Now, if what I have tried to sketch has any validity, it becomes thoroughly clear, at least to me, that any Negro who is born in this country and undergoes the American educational system runs the risk of becoming schizophrenic. On the one hand he is born in the shadow of the stars and stripes and he is assured it represents a nation which has never lost a war. He pledges allegiance to that flag which guarantees “liberty and justice for all.” He is part of a country in which anyone can become president, and so forth. But on the other hand he is also assured by his country and his countrymen that he has never contributed anything to civilization—that his past is nothing more than a record of humiliations gladly endured. He is assumed by the republic that he, his father, his mother, and his ancestors were happy, shiftless, watermelon-eating darkies who loved Mr. Charlie and Miss Ann, that the value he has as a black man is proven by one thing only—his devotion to white people. If you think I am exaggerating, examine the myths which proliferate in this country about Negroes.
All this enters the child’s consciousness much sooner than we as adults would like to think it does. As adults, we are easily fooled because we are so anxious to be fooled. But children are very different. Children, not yet aware that it is dangerous to look too deeply at anything, look at everything, look at each other, and draw their own conclusions. They don’t have the vocabulary to express what they see, and we, their elders, know how to intimidate them very easily and very soon. But a black child, looking at the world around him, though he cannot know quite what to make of it, is aware that there is a reason why his mother works so hard, why his father is always on edge. He is aware that there is some reason why, if he sits down in the front of the bus, his father or mother slaps him and drags him to the back of the bus. He is aware that there is some terrible weight on his parents’ shoulders which menaces him. And it isn’t long—in fact it begins when he is in school—before he discovers the shape of his oppression.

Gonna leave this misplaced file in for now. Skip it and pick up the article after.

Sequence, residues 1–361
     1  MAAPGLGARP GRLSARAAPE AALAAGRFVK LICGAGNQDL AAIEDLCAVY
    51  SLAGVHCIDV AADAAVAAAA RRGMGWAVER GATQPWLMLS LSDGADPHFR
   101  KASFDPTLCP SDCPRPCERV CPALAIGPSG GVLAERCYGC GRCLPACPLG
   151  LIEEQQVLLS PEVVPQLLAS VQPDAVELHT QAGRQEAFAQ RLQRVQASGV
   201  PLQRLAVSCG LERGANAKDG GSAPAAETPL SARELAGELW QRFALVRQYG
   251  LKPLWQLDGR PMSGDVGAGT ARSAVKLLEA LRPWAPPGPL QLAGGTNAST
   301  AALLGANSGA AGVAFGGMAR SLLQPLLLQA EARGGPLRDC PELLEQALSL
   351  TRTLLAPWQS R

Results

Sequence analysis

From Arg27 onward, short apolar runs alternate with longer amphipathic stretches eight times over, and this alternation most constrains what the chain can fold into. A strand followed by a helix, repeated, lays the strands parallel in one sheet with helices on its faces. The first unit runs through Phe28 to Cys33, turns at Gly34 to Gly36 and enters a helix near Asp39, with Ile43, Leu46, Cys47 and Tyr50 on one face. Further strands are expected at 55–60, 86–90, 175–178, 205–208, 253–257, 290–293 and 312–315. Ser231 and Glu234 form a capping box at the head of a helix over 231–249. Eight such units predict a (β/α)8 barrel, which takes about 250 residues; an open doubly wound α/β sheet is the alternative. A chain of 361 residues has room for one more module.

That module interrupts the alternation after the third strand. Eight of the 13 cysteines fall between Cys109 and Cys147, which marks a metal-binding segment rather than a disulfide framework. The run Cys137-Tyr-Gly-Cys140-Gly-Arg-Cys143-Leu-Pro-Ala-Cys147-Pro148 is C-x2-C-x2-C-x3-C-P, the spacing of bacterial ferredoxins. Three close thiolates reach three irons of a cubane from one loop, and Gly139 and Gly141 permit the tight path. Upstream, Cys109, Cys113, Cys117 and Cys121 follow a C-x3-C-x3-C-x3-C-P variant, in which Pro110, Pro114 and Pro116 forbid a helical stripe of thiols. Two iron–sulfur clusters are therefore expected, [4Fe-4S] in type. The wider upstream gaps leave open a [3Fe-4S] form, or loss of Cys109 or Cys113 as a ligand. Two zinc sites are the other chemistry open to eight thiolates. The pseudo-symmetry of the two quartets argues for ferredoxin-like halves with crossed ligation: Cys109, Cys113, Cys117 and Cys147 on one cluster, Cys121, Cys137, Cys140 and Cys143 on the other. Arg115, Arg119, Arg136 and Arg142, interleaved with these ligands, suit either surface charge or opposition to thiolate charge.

Let us say that the child is seven years old and I am his father, and I decide to take him to the zoo, or to Madison Square Garden, or to the U.N. Building, or to any of the tremendous monuments we find all over New York. We get into a bus and we go from where I live on 131st Street and Seventh Avenue downtown through the park and we get into New York City, which is not Harlem. Now, where the boy lives—even if it is a housing project—is in an undesirable neighborhood. If he lives in one of those housing projects of which everyone in New York is so proud, he has at the front door, if not closer, the pimps, the whores, the junkies—in a word, the danger of life in the ghetto. And the child knows this, though he doesn’t know why.
I still remember my first sight of New York. It was really another city when I was born—where I was born. We looked down over the Park Avenue streetcar tracks. It was Park Avenue, but I didn’t know what Park Avenue meant downtown. The Park Avenue I grew up on, which is still standing, is dark and dirty. No one would dream of opening a Tiffany’s on that Park Avenue, and when you go downtown you discover that you are literally in the white world. It is rich—or at least it looks rich. It is clean—because they collect garbage downtown. There are doormen. People walk about as though they owned where they are—and indeed they do. And it’s a great shock. It’s very hard to relate yourself to this. You don’t know what it means. You know—you know instinctively—that none of this is for you. You know this before you are told. And who is it for and who is paying for it? And why isn’t it for you?